As a person with low vision and poor balance, I’ve heard my whole life, “Watch your step.” My family and friends don’t want me to trip on a curb, uneven step, or my own two feet! Even with the warning, I sometimes still fall. I pick myself up, collect anything that went flying, and move on. It was just a curb, no big deal; the knees are used to it.
On the occasion that I fall down the stairs, however, I’m not as quick to bounce back. I usually end up hobbling on a twisted ankle for days.
One step at a time
When using a GPS, we need to know the destination. While we may like to be aware of the next few steps, we can’t skip steps. When building a house, you can’t put up the walls until you lay the foundation.
Since taking the leap of faith to leave my job, I’ve had the privilege of networking with some incredible people. Each person I meet leads to another opportunity or lead. With each meeting comes quality conversation, new ideas, confirmations, convictions, and valuable relationships.
Overcoming a misstep is a lot easier than overcoming a giant tumble.
Most of the time when I trip, I don’t know the step is there, or I don’t have time to process the warning. If I know I’m going to fall, I will be afraid and will question taking the step.
One of the interviews that was offered to me came with a whole stairway of questions in my mind. Is it feasible to start immediately? Will I move? When will I move? What about this obligation or that obligation? All of these issues were raised in a matter of moments of accepting the interview! I felt so overwhelmed, I fell UP the stairs! I had to stop, allow God to hold my hand, and just go to the interview. After all, that was the only guaranteed step.
“Be aware of your surroundings.”
Yet another phrase I’ve heard most of my life that holds a lot of truth: be aware of your surroundings. When a driver is courageous enough to let me navigate,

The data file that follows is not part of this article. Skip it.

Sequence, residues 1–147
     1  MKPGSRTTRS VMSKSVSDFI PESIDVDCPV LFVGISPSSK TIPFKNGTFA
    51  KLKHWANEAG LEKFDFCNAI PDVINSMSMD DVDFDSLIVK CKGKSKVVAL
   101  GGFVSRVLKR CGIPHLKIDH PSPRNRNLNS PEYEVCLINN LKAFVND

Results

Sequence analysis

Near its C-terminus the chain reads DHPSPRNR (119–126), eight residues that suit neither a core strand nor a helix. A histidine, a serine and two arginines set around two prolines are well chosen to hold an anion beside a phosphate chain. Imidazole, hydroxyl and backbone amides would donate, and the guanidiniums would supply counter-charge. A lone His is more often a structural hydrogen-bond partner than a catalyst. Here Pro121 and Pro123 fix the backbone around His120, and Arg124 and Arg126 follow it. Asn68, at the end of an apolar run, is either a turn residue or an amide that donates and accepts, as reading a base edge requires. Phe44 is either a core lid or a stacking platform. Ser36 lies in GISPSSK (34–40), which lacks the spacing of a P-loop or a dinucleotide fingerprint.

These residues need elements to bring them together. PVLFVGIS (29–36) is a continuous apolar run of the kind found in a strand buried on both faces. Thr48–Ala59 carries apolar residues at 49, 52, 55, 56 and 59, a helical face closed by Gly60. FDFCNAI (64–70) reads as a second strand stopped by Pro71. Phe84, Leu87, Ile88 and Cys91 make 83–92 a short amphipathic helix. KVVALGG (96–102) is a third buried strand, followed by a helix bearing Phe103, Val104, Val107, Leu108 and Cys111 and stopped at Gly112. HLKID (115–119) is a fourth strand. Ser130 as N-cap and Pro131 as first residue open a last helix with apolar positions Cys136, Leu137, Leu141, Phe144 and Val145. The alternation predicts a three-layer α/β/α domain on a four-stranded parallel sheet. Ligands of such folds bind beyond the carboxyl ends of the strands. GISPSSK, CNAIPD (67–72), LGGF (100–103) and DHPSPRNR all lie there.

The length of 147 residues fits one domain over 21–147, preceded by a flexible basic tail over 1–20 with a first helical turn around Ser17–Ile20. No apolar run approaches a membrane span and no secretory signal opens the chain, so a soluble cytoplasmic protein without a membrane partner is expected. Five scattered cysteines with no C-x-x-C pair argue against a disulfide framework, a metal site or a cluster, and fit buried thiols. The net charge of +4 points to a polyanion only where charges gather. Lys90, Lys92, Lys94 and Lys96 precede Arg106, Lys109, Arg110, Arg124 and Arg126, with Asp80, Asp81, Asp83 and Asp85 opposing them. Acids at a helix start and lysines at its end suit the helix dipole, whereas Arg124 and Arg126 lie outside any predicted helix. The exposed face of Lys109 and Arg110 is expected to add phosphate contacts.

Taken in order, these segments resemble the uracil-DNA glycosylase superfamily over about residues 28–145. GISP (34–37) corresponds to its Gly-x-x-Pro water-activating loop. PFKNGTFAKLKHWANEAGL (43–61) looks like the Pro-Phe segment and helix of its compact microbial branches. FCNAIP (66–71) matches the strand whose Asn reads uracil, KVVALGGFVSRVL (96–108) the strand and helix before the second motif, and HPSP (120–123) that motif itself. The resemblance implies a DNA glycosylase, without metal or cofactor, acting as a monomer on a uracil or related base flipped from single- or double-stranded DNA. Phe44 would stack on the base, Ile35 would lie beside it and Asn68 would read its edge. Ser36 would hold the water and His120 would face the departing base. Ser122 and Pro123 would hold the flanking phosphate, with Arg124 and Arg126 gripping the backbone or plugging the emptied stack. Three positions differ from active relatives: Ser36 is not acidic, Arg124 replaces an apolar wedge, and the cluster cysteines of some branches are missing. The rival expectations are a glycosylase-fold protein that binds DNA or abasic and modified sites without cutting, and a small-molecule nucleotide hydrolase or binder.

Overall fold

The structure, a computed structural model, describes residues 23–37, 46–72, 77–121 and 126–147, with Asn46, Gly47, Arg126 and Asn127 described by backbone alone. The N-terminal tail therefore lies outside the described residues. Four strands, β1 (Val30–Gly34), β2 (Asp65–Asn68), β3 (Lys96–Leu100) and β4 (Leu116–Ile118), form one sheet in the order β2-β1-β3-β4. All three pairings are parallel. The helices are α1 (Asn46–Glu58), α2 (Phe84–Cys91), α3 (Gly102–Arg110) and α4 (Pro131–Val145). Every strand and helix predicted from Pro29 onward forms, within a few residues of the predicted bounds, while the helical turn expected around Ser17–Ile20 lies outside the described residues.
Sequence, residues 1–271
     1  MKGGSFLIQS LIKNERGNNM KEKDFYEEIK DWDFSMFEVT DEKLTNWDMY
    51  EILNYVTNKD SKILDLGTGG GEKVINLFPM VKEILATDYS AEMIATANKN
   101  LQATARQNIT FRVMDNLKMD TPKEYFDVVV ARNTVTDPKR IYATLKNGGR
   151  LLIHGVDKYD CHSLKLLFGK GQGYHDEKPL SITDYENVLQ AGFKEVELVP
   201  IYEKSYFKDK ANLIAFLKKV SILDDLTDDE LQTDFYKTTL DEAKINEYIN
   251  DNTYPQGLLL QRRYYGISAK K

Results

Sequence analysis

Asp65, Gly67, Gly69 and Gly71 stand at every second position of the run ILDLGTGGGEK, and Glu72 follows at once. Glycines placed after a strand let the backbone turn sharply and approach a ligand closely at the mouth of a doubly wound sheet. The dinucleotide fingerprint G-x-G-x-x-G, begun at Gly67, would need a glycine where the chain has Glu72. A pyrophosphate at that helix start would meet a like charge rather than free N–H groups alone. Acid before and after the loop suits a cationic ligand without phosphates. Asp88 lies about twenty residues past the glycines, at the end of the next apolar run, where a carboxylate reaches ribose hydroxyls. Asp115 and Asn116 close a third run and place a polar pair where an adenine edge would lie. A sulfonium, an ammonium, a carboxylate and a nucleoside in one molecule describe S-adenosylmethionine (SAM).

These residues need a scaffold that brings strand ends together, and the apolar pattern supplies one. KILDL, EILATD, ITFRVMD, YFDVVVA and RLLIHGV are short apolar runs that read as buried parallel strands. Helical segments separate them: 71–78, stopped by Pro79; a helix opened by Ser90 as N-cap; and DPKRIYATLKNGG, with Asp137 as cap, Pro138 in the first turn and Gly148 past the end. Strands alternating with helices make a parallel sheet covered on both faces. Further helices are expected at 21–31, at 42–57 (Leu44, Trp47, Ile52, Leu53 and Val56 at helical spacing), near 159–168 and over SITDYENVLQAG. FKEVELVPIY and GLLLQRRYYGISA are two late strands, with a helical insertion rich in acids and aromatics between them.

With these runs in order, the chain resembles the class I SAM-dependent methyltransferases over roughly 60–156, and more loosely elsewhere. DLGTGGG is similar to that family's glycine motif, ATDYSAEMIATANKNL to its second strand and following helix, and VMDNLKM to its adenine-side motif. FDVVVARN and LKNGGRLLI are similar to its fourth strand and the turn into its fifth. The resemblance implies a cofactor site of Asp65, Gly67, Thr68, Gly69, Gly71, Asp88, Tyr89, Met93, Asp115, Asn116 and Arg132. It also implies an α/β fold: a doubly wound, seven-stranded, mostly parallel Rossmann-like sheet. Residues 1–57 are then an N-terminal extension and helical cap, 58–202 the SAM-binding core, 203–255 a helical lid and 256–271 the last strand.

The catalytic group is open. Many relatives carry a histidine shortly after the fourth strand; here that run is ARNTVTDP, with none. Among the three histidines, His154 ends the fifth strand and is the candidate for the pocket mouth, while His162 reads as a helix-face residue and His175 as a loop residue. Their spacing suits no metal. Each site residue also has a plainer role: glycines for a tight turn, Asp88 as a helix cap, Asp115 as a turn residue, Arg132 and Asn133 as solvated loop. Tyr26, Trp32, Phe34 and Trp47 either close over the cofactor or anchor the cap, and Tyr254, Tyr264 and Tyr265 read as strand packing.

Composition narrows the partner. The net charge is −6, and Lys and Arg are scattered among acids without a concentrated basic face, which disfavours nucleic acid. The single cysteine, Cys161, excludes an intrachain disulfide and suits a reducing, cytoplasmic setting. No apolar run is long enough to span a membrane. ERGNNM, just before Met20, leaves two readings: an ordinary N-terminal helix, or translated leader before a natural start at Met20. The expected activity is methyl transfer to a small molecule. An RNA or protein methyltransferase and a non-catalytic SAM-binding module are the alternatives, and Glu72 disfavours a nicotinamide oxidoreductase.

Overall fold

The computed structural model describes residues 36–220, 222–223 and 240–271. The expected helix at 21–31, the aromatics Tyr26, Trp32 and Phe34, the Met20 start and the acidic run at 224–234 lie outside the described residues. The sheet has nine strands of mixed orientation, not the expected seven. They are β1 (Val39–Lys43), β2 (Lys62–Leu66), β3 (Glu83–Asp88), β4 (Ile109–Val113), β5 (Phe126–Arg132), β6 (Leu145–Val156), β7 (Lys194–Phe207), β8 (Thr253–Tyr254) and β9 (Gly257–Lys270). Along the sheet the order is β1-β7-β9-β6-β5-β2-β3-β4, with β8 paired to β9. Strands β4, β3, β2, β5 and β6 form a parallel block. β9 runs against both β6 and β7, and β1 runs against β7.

I have to pay extra close attention to where we are. Walking by myself or crossing a street requires my entire focus. I can’t get distracted…it never ends well. In the same way if all I think about in an interview is everything that is coming afterwards, I won’t interview well. I have to stay present and aware.
“That’s one small step for man, one giant leap for mankind.”
Like Neil Armstrong, The Journey Training likes to dream big! To make the giant leap to our dreams, we have to take small steps. If your dream is financial freedom, you have to start by writing down your income and expenses. If you want to lose 50 pounds, you can break it down into steps of a few pounds at a time. If you want an awesome job, you have to start with a search!
Where does your stairway lead? What’s your first step? You’re next step?
In the Journey Training, it is amazing what happens in each class. The people that end up in the room together always seem to offer exactly the perspective needed by the class to choose each of their next steps. Alison, and all the graduates of The Journey Training are proof of this. Through their very real struggles and life lessons, the rest of the class learns valuable perspectives of their own lives, allowing them to choose the next step for them with a little more insight. Watching your step can become a lot easier when you have a little perspective. Who knows? Maybe the very next threshold class is your next step!